(Money Magazine) -- All of our children are adults. One is always asking us for financial help; the others manage on their own. Can we take this "extra help" into account when we divide our estate in our will? -- J.D., Michigan
Definitely. Please don't punish the responsible ones by giving them less overall. -- Christine Persons-Pratt, Orlando, Fla.
You can, though I wouldn't advise it. Your children will be siblings for life, and their financial situations can change at any time. The one experiencing difficulty now may be the one who will provide emotional support for you in the future. It's not all about money; it's about love, too. -- Ray Domire, Delaware, Ohio
It really depends on why your child needs help. If he or she is squandering money and not being responsible, perhaps you should leave less. But if the son or daughter in need is acting responsibly and simply having a streak of bad luck, then no. -- Oscar Marroquin, Lake St. Louis, Mo.
When you help one child who asks for assistance, you should give an equal amount to the other child. -- Carol Mikesh, Lakewood, Colo.
It's okay to even things out in your will. But to ensure there are no hard feelings after you are gone and your estate is settled, meet now with all your children to explain your plans. -- Steve Smith, New Bloomfield, Mo.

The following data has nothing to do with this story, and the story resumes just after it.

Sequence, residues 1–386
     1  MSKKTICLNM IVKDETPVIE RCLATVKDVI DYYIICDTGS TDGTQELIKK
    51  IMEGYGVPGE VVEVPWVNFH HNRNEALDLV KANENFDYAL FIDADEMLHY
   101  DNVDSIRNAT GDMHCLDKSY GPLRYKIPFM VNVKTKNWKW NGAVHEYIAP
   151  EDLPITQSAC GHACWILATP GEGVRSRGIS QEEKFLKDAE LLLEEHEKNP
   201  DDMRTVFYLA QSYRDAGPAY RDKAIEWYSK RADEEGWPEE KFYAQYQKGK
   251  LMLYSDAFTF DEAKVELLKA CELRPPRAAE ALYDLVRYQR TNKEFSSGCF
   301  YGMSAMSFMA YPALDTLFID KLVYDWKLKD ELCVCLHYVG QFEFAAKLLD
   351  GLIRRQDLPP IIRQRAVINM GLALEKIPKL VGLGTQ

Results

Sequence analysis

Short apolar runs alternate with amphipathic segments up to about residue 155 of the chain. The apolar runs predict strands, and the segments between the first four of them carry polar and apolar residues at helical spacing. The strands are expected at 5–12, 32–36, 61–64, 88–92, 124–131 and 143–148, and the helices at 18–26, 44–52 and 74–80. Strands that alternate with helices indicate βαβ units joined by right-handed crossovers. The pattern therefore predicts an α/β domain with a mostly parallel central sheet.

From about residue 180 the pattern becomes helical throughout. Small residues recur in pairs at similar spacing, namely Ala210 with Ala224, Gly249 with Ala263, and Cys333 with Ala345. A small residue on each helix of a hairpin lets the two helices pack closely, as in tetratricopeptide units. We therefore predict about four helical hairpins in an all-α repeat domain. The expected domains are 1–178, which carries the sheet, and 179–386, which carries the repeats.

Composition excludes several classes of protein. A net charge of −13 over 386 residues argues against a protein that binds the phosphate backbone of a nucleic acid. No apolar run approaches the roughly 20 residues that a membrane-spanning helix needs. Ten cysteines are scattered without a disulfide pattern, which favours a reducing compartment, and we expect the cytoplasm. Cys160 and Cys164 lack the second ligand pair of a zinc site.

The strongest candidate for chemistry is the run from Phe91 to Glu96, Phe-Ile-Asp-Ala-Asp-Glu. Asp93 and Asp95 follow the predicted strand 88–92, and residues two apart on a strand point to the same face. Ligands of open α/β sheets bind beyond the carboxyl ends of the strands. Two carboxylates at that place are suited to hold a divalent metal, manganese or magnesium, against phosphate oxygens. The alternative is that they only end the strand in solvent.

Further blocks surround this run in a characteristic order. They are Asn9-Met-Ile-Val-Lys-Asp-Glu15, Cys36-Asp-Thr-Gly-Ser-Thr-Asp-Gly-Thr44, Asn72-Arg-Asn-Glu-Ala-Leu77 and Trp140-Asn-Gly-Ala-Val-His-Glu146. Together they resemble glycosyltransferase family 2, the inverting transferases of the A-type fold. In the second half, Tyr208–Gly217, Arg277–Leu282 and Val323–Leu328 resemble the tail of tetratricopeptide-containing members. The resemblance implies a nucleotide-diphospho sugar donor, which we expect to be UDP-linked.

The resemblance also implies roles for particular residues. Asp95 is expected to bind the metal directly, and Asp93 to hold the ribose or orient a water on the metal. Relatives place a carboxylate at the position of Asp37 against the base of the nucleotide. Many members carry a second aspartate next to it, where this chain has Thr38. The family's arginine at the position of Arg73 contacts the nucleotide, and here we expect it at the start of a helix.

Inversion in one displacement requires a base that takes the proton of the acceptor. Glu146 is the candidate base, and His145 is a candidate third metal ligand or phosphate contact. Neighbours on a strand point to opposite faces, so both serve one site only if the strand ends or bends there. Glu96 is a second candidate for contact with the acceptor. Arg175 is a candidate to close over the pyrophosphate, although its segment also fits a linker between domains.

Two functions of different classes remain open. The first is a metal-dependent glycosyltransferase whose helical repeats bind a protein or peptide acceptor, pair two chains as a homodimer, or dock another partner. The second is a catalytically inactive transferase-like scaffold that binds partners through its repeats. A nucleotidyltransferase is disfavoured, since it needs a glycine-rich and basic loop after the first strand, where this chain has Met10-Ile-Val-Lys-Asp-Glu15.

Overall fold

Perhaps the one who never asks for help doesn't need it, and doesn't feel bad that you're helping the other one. Just split things evenly. -- Abbie Digeon, Millburn, N.J.
Decline to help unless the child is in serious straits. Being an enabler doesn't help that child, and it makes equitable decisions difficult down the line. -- Hampden Smith, Lexington, Va.
Of course you can -- the question is, Should you? All our kids are different; is there really any reason to treat them as mathematical equals? -- David Smith, Sierra Vista, Ariz.
The expert says:
What's fair is not always equal, and what's equal isn't always fair. It's not unusual for adult children to have different money needs and different resources, and to demonstrate different levels of financial responsibility. When a child is struggling, perhaps because he works in a worthy but poorly paid profession or has recently lost his job, slipping him a little dough every so often can make a parent feel good. There's no need for you to keep track of that help.
On the other hand, if the child has yet to learn how to manage money wisely, or if the amount lent will take a noticeable bite out of the parents' estate, document the loan in writing and then have that amount deducted from his share of your assets before distributions are made. Otherwise, after you're gone, your other children out of their fair share of your estate, and the feelings of jealously and resentment that could bubble up as a result might drive a wedge between even the closest of siblings. -- Victoria Collins, a financial planner and the co-author of "Best Intentions: Ensuring That Your Estate Plan Delivers Both Wealth and Wisdom."
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